Upon finishing this copy you will be creating another painting on your own in the same manner. Remember to choose an image that has a wide range of values from light to dark.

Color Matching Values

In this painting tutorial I go through how to set up a very basic palette, and how to use a palette knife to create value scales with various colors. By setting up these simple piles of color before you start a painting you can be assured that all of your colors stay within the desired range of values.

Color Matching Values

Matching colors to values (the darkness or lightness of a color) is the most important skill to learn when learning to oil paint.  For further information on the topic of color values I would suggest checking out the lesson on Color Theory Basics.

In the painting tutorial video above I go into how to mix different values of color on a palette.  I have chosen to use a painting knife however the same colors could be mixed using a brush.  The palette is glass which has been spray painted grey on the back. I have chosen to paint it grey because this is a very neutral color, and I don’t want the color of the palette to interfere with how I see the colors I’m trying to mix. It is important to remember that colors will interact with each other. For instance a white square painted on a yellow background will appear to  be darker, since the surrounding color is also light. However, a white square painted on a blue background will appear to be brighter since the background is darker.

Once you’ve got a palette with a neutral background you can begin to start making different value scales in different colors. You should already know about value scales as we have covered them extensively in the drawing section of this website. To make a value scale you must first have a guide to go from. So I would suggest making your first value scale in black, white, and greys. Then you can compare the darkness or lightness of your subsequent mixes of color against a black and white scale (this can be achieved by squinting).

If you came here thinking about trying to find what colors match (ie. which colors go together) I’m sorry to tell you that this isn’t something which can be summed up in a succinct manner. There are many factors which determine what colors will traditionally “match”. If you peruse my section here on Color Theory you can begin to examine all of the reasons why there isn’t any general consensus of what colors actually match, and which ones clash.

For this assignment you will have to create your own value scales in 6 colors and Black and White. Red, Yellow, Blue, Orange, Green, Violet. So there’s a total of 7 value scales which you will be creating. Once your palette is full of these colors you will then take a picture of it and post it to your student blogs.

Warm and Cool Colors


Warm and Cool Colors

Lesson 14

Warm and cool colors are important in painting for a number of reasons. The most obvious is that warm colors tend to move forward in space, while cooler colors tend to retreat. This is mainly because of how we experience the world and is pure science. Within the atmosphere there are zillions of little water molecules floating around. The largest of which form clouds and eventually dump rain on us. But the air itself also contains water.  So when we are looking faw away to the horizon we are actually looking through a lot of air, which in turn means we are looking at more and more water molecules, and the hills in the distance start looking blue and purple. This is called atmospheric perspective. And it was first labeled and widely used by none other than Leonardo Da Vinci. The second feature of atmospheric perspective is that objects also tend to lose their contrast and take on the color of their background (ie. sky)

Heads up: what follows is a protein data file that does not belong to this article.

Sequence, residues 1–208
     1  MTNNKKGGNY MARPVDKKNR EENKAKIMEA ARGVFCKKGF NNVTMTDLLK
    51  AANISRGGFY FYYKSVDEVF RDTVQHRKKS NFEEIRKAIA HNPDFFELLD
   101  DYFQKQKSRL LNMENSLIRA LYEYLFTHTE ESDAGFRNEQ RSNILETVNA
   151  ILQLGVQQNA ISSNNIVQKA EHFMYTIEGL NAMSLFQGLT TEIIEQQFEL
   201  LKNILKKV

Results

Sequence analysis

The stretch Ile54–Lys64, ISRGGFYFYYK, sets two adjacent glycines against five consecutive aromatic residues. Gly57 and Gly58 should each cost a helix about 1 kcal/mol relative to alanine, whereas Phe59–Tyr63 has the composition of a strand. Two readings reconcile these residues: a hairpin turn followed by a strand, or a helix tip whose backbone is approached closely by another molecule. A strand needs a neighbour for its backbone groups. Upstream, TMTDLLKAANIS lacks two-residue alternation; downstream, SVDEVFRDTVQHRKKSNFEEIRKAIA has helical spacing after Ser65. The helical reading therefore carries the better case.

Mona Lisa (Leonardo Da Vinci) Classic example of how cool colors recede and warmer colors come to the forefront.

The second thing to remember about warm and cool colors is how they create balance and a sense of fullness within a piece. This is easier to do when painting a landscape where there could be a cool blue sky, and this could be contrasted against the warm orange color of some leaves. But take a close look at an object, and you should be able to see a multitude of other shades and colors within that object itself.  The cooler colors can be tints, shades, or tones.  But be careful because you can also find warmth in certain shadows as well. However, generally cooler colors are used as shadows, and warmer colors as mid tones, and highlights.


In this painting by Lucien Freud we can see very cool colors dominating many of the shadow tones. This may be because Freud often lit his models with fluorescent lights. Nonetheless look at the nice interplay between warm colors and cool colors in this piece. I’ve made a small scale of colors taken directly from this painting as an example to further study.


Extra Credit:  Create a small painting using these same warm and cool colors for all of your values.

Analagous Color Scheme

Analagous Color Scheme

Lesson 13

The next most important part of color theory is harmony.  Color harmony is essentially the art of putting colors together that look good. That’s pretty much it la notice de viagra. I’ll keep using the musical metaphors because in music we also have harmony. So think about color harmony in the same way, except visually. When you here a song you can tell if the musicians are all singing in harmony or not, if there’s one person who is out of key then it also throws the others off as well. Think of color harmony in the same way.  When placing colors on a canvas you are creating visual vibrations which can either work, or fight each other.  Your goal may be to create intensity and a feeling of unease, and if that is the case then by all means use the opposite of what would be a comforting and harmonious color scheme.